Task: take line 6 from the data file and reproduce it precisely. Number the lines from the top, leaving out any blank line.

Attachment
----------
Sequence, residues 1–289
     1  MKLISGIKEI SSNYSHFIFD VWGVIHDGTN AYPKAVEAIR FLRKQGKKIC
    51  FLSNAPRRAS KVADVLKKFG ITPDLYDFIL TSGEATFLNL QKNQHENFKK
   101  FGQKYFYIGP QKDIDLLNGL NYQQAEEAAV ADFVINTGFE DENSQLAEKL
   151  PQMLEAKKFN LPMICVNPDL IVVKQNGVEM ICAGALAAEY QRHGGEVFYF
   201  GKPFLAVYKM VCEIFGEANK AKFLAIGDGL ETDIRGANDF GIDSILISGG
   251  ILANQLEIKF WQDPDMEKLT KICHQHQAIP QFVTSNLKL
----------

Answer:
   201  GKPFLAVYKM VCEIFGEANK AKFLAIGDGL ETDIRGANDF GIDSILISGG